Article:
Goat milk

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Evaluation of chemical and microbiological quality of raw goat milk in Qena Province :

Evaluation of chemical and microbiological quality of raw goat milk in Qena Province Assiut Vet. Med. J. Vol. 57 No. 129 April 2011 Dr. Karima Galal Abdel Hameed Lecturer of Milk Hygiene Fac. Vet. Med. South Valley Uni.

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Introduction There is growing demand for unpasteurized goat’s milk by consumers ( Harrington et al., 2002 ). This is due to the increasing number of children suffering from intolerance to cow’s milk. Investigation on microbiological quality such as Total Plate Count (TPC), coliforms and the presence of pathogenic bacteria of goat’s milk in Qena province, was very rare. So, there is a clear need to find out more about the present situation regarding the quality of goat’s milk. Goat’s milk has a nutritional value similar to that of cow’s milk Goats are more disease resistance than cows ( Muehlherr et al., 2003).

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Aim of the work The objective of this study was to allow qualitative checking of hygienic conditions of examined raw goat’s milk in Qena province chemically and microbiologically to check the suitability of such milk for public consumption, as well as, for processing of high quality dairy products.

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Materials &methods Samples collection 50 raw goat milk samples Chemical Sanitary Microbiological

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Chemical examination 1- Detection of heat treatment by Storch’s test ( Lampert , 1975 ). 2- Determination of total solids percentage ( A.O.A.C., 1990 ). 3- Determination of water percentage: Water content was calculated by subtracting the total solids percentage from the original weight of the sample before drying. 4- Determination of fat percentage ( A.P.H.A., 1985 ). 5- Determination of solids non fat percentage : The solids non fat percentage of the examined samples was calculated by subtracting the fat percentage from the total solids percentage. 6- Determination of protein percentage : Using formal titration method as described by Schulz, et al . (1953) and modified by Mumm (1970) . 7- Determination of lactose percentage ( Harvey and Hill, 1967 ).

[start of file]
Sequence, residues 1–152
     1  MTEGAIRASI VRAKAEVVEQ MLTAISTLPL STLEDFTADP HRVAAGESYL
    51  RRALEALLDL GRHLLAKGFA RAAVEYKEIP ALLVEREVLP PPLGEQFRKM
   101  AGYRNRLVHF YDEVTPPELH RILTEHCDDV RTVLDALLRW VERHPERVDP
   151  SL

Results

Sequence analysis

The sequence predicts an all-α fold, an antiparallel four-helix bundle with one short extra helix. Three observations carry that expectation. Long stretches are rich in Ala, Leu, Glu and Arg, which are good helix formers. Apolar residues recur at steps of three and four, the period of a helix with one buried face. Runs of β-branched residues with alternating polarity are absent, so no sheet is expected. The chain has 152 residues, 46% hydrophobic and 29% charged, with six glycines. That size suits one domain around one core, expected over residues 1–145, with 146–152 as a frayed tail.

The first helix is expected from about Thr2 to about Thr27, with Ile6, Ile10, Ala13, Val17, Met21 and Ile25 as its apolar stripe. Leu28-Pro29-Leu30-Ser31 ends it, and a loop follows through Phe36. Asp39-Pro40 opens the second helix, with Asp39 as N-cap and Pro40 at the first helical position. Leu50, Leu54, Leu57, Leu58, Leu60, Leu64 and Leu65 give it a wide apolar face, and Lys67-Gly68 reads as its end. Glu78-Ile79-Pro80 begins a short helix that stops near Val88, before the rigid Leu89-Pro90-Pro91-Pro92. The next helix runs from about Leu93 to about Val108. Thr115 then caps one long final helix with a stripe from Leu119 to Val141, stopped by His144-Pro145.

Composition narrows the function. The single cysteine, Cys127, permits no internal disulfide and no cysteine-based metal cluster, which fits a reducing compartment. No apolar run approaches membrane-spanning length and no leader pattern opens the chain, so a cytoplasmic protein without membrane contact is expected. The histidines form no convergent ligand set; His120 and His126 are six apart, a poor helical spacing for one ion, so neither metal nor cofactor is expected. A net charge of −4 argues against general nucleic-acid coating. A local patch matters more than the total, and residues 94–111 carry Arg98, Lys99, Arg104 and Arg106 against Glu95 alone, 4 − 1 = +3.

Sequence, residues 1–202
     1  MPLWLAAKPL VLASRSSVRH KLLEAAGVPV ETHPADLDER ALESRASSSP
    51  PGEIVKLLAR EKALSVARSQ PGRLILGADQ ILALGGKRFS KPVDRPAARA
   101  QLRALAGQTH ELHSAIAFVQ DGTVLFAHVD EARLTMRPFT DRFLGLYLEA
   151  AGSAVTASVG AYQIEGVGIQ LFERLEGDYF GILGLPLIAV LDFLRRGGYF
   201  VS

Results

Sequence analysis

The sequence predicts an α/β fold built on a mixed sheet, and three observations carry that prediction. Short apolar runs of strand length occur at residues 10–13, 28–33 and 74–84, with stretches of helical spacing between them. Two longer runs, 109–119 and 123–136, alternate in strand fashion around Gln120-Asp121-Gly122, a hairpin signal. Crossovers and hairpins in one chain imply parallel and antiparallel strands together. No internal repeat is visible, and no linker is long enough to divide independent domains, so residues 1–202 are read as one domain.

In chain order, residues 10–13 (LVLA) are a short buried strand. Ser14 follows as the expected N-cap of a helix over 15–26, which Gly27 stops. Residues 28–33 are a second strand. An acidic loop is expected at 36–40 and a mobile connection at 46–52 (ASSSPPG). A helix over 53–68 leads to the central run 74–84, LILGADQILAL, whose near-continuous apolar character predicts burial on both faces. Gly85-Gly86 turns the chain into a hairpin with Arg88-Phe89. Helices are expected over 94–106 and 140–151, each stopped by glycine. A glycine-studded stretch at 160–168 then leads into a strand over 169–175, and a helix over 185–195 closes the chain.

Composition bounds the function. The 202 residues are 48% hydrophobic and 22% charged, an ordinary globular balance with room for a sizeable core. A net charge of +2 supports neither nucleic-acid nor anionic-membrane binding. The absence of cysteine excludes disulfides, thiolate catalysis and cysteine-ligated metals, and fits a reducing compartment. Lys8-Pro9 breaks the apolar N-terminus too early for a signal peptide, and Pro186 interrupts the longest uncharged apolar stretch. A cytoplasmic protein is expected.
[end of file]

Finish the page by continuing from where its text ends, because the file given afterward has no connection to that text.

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Sanitary examination Determination of titratable acidity percentage (A.O.A.C., 1990). Microbiological examination 1- Aerobic plate count ( A.P.H.A.,1985 ). 2- Determination of total Coliform and Fecal Coliform counts ( Mercuri and Cox, 1979 ). 3- Enterococci count ( Deibel and Hartman, 1976 ). 4- S. aureus count ( A.O.A.C., 2000 ). 5- Yeast and Mold counts ( Harrigan and McCance , 1976 ).

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Results & conclusion Composition No. of examined samples Min. Max. Mean  SE T.S % 50 9.49 13.3 10.90 ± 0.93 Water % 50 86.7 90.51 89.04 ± 0.94 Fat % 50 2.66 4.84 3.46 ± 0.52 S.N.F % 50 6.57 8.6 7.46 ± 0.32 Protein % 50 2.71 4.9 3.45 ± 0.53 Lactose % 50 2.73 4.59 3.99 ± 0.32 Table 1: Statistical analytical results of chemical composition of the examined goat’s milk samples. Addition of water Partial skimming

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Effect of season Amount of roughages &concentrates in the ration (feeding) Age of animals Methods used for determination of these constituents Stage of lactation The variations in chemical constituents could be attributed to Breed & genotype of animal

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No. of examined samples Min. Max. Mean  SE 50 0.09 0.26 0.15 ± 0.01 Table 2: Statistical analytical results of acidity % of the examined goat’s milk samples. Microbial flora Reflect bad hygienic measures

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Fig. 1: Incidence of different microorganisms in the examined goat’s milk samples.

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The microbiological quality was only marginally acceptable with respect to the total bacteria count. Nevertheless, the presence of pathogenic and indicator organisms, such as, coliforms , fecal coliforms , enterococci , S. aureus and yeasts & molds indicate the growth of these organisms may lead to a hazard against public health. Therefore, practice and regulations, such as on-site pasteurization and implementation of HACCP following established standards, should be introduced to facilitate the production of goat milk of high quality and safety.

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